Singing Corn Bunting (Milaria calandra). ©Lorne Gill. For information on reproduction rights contact the Scottish Natural Heritage Image Library on Tel. 01738 444177 or

Modelling assumptions and limitations

All computer models must make some assumptions to do their job. This leads to certain limitations.

Focal species

The dispersal ability of different species varies. Some species may cover long distances to disperse, but others can move only a few metres. A habitat network that works for one species may not be ideal for another. So models often use a ‘focal species’ approach.

Focal species are used to represent the typical characteristics of a group of species. For example, the corn bunting has been used to represent farmland birds in the Forest Research Lowland habitat network project. Network models are then based on the habitat area requirement and dispersal ability of the focal species.

But such information isn’t available for many species, and so assumptions and estimates must be made, which may vary in accuracy. Also, typical characteristics serve as an average for that species – any single individual plant or animal may behave very differently in reality.

Sometimes there isn’t a single species that can be used in the design of a habitat network. A ‘generic focal species’ may be used instead. This is a theoretical creation that represents the characteristics of a range of species.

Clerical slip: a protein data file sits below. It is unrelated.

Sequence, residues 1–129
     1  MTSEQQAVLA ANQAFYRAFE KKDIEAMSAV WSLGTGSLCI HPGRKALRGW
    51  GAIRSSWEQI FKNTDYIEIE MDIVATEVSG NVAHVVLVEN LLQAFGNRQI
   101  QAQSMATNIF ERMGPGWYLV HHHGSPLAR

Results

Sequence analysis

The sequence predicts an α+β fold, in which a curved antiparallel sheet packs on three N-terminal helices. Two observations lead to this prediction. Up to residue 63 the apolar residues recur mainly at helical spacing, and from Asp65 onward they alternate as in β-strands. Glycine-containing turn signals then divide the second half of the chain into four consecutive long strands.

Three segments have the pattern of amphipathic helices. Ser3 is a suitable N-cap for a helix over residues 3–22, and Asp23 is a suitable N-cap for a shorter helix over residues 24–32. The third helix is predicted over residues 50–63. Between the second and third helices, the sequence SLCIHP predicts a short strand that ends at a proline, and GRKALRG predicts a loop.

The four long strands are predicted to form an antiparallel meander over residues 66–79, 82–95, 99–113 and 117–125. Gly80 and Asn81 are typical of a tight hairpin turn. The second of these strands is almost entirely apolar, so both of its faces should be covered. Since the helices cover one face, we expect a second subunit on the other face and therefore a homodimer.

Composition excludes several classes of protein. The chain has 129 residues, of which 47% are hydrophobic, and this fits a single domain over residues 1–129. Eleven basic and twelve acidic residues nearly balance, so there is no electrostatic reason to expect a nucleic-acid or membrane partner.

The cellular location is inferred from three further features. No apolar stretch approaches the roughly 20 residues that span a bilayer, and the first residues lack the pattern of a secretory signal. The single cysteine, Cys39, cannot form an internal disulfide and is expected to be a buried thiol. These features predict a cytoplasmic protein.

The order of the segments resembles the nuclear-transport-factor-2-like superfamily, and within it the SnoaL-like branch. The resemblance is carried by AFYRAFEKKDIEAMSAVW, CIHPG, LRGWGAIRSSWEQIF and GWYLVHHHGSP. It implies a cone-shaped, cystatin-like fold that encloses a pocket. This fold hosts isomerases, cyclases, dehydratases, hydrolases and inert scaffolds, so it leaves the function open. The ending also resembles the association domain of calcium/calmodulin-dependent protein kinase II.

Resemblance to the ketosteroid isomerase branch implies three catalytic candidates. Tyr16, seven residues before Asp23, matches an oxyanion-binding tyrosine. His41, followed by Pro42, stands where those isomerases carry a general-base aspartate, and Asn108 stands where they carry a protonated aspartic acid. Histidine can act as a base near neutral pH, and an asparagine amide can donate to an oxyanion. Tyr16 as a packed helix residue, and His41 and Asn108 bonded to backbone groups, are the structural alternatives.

An example of a generic focal species is an ‘ancient woodland specialist with high area requirements and limited dispersal ability’. Assumptions will be made about how it behaves for use in the modelling process. But these may not reflect the actual behaviour of the various species that the model is meant to represent.

Data quality

Data quality can be a significant limitation. A model is only as good as the data used to construct it, and the questions you ask it to answer.

But there isn’t always enough real-world data available for habitat network models to work effectively. For example, you may have only limited data on species characteristics or about the quality of the existing habitat.

If a model is built with very limited habitat data, you might assume there aren’t any patches of good habitat when there are actually several areas of excellent habitat. Many of the following calculations made by the model will then be inaccurate.

When selecting data for modelling, consider the:

  • question you wish to answer – what is it that you’re trying to model?
  • scale on which you wish to model
  • accuracy of the data you hold

Scale of focus

You must also think about the scale at which you’re assessing habitat networks.

Usually, the smaller the scale on which you wish to focus, the more detailed the data you’ll need. But the only suitably detailed habitat data – e.g. Phase 1 habitat surveys – may be outdated.

If you’re looking at habitat connectivity for a common habitat over a large scale, land cover data sets at a fairly coarse resolution – e.g. those within Ordnance Survey MasterMap – may be enough.